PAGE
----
The 300-year-old-in-a-day Chinese Mummy ‘perfectly Maintained’ Body Turns Black Hours After Casket Is Opened, Confounding Experts
Chinese archaeologists are perplexed by a 300-year-old burial site where two individuals were reduced to skeletons and one was completely preserved.
Baffled Chinese archaeologists are studying a 300 year-old coffin found with two others in which two of the bodies had been reduced to skeletons, but in which the third was almost perfectly preserved
Experts believe that when one of the coffins was opened, the man’s face was perfectly preserved.
But after a few hours, the face started to become black, and the body started to smell bad.
The corpse’s skin likewise turned black; it has since been transported to the nearby university for study.
It is believed that the body dates from the Qing Dynasty.
On October 10, 2013, it was discovered on a construction site in Xiangcheng, Henan Province, central China, in a two-meter-deep hole in the ground.
When the coffin was opened by historians at Xiangcheng said the man’s face was almost normal but within hours it had started to go black, and a foul smell had appeared
According to MailOnline, Dr. Lukas Nickel, a specialist in Chinese art and archaeology at SOAS, University of London, preservations like these were unintentional.
Unlike ancient Egypt, for example, the Chinese did not treat the body in any way to preserve it.
However, they made an effort to safeguard the body by placing it in substantial caskets and sturdy tomb chambers.
The body was unearthed on October 2013 on a construction site in a two-metre-deep hole in the ground at Xiangcheng in Henan province, central China
Therefore, they placed a high value on the body’s physical integrity. At least in early China, one anticipated that the deceased would continue to exist in the tomb.
At times throughout the Qing Dynasty, remains were preserved by the environment around the coffin.
In this instance, it is possible that the body was buried in a charcoal-covered, lacquered casket, which was typical at the period. Therefore, bacteria could not have entered.
If this were the case, Dr. Nickel said, the body would naturally become black and immediately decompose the moment air touched it.
The garments on the body indicate he was a very important official from the early Qing Dynasty, according to historian Dong Hsiung.
Historian Dong Hsiung said: ‘The clothes on the body indicate he was a very senior official from the early Qing Dynasty. What is amazing is the way time seems to be catching up on the corpse, ageing hundreds of years in a day’
What is astounding is how the corpse appears to be ageing hundreds of years in a day as time seems to be catching up with it.
The Qing Dynasty, which followed the Ming dynasty and lasted from 1644 to 1912, was the final imperial dynasty of China prior to the founding of the Republic of China.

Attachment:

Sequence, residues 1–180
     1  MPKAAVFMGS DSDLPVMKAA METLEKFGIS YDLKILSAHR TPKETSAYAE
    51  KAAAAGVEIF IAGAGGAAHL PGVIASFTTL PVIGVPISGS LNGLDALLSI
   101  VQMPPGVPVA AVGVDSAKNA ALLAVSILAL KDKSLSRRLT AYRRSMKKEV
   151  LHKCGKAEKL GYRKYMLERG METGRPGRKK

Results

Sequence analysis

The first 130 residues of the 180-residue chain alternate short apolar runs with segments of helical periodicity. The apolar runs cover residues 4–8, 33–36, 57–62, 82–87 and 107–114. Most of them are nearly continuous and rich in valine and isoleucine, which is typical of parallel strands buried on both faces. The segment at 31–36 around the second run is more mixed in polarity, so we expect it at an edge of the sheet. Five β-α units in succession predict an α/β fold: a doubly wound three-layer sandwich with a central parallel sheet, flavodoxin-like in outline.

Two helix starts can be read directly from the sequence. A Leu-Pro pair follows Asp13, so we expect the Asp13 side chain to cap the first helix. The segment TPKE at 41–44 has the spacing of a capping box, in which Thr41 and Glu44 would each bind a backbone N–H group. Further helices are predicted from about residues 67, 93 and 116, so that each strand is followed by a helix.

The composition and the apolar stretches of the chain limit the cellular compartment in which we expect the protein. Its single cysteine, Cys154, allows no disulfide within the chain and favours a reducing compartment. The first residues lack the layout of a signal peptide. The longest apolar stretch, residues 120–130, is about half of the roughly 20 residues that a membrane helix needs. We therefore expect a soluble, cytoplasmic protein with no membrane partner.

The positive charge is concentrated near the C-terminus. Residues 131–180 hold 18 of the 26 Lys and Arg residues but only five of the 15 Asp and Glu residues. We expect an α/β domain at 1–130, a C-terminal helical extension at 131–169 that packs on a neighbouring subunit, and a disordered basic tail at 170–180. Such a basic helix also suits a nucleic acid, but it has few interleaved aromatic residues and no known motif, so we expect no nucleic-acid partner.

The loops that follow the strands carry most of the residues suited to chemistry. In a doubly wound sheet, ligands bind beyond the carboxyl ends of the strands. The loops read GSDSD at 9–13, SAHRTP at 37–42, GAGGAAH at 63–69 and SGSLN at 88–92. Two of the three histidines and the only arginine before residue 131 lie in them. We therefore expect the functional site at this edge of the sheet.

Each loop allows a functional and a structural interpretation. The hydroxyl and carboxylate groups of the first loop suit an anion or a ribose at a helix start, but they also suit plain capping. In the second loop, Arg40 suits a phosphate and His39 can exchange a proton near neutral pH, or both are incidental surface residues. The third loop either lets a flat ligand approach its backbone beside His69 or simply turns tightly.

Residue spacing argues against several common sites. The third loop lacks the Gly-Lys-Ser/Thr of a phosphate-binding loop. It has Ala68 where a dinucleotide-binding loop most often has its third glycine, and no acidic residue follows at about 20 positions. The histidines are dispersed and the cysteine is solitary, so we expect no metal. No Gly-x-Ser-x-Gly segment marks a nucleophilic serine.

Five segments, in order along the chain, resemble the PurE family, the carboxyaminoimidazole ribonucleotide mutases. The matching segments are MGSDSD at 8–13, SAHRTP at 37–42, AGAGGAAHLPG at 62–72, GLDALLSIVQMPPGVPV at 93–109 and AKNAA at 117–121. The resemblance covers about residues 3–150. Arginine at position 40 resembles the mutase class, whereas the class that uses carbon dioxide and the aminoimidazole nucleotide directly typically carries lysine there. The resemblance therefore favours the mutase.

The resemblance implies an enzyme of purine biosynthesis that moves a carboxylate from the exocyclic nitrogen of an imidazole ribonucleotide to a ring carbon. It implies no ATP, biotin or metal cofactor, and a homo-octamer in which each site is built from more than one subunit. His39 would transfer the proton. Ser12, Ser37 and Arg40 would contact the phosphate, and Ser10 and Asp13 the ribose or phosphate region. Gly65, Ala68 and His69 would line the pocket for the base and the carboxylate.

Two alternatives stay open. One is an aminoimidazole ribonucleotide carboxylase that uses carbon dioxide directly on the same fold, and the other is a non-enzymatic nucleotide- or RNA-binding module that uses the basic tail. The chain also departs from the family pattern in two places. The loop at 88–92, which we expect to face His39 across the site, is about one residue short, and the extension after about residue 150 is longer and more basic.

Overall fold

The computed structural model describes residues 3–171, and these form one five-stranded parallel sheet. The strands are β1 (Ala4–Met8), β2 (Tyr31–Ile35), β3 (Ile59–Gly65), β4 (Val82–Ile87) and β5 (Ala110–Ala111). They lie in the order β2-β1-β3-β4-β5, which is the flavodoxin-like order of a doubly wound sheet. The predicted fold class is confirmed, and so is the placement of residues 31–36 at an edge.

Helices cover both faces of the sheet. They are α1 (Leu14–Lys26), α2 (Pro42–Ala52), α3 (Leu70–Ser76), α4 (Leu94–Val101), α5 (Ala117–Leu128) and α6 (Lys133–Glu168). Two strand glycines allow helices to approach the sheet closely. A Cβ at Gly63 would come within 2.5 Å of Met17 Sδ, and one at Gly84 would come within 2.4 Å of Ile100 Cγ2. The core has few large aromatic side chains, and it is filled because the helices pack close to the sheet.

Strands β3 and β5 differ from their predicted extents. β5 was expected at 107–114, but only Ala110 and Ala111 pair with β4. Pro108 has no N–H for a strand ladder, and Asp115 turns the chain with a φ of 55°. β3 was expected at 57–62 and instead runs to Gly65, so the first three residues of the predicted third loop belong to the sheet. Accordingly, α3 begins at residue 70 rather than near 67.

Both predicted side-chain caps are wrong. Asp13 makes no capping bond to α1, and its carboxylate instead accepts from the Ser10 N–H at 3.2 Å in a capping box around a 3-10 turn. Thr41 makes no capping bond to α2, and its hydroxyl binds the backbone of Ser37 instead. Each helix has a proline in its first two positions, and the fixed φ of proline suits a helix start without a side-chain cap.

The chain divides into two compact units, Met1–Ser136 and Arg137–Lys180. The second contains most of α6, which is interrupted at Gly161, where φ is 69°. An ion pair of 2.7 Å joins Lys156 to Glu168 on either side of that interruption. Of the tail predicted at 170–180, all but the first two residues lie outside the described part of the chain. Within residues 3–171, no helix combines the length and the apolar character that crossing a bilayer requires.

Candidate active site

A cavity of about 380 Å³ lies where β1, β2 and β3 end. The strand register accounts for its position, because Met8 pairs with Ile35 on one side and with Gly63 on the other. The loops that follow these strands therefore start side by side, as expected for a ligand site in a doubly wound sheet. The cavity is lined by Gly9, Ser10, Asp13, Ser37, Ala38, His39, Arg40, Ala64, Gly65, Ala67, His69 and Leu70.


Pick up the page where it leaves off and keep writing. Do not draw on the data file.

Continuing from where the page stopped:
The empire tripled in size during the Qing era, and the population swelled from about 150 million to 450 million.
The Qing dynasty’s domain served as the foundation for many of today’s Chinese borders.
The 700-year-old mummy was found in the city of Taizhou, in Jiangsu Province in 2011
The Qing Dynasty’s eldest son was in charge of the funeral rites, which would have involved numerous authorities.
Professor Dong suggests a different explanation for the preservation. He speculated that the deceased man’s family may have utilized some items to preserve the body. Once it was unlocked, the natural disintegration process could actually begin.
We are making a lot of effort to preserve what is left, though.
The Qing Dynasty and the one before it are renowned for the quality of their preserved bodies.
A 700-year-old mummy that was in good condition was stumbled upon in 2011 in eastern China.
A team working to expand a street came uncovered the body of a high-ranking woman thought to be from the Ming Dynasty.
The mummy, found in 2011, was wearing traditional Ming dynasty costume, and in the coffin were bones, ceramics, ancient writings and other relics
The woman’s features, from her head to her shoes, were still in remarkably good shape when she was found two meters below the road’s surface.
The coffin included bones, ceramics, ancient manuscripts, and other artefacts, and the mummy was dressed in classic Ming period attire.
According to Wang Weiyin, director of the Taizhou Museum, the mummy’s clothing was primarily comprised of silk and a small amount of cotton.
The most recent discovery, according to researchers, may help them comprehend the funeral practices and customs of the Qing dynasty as well as learn more about how bodies were maintained.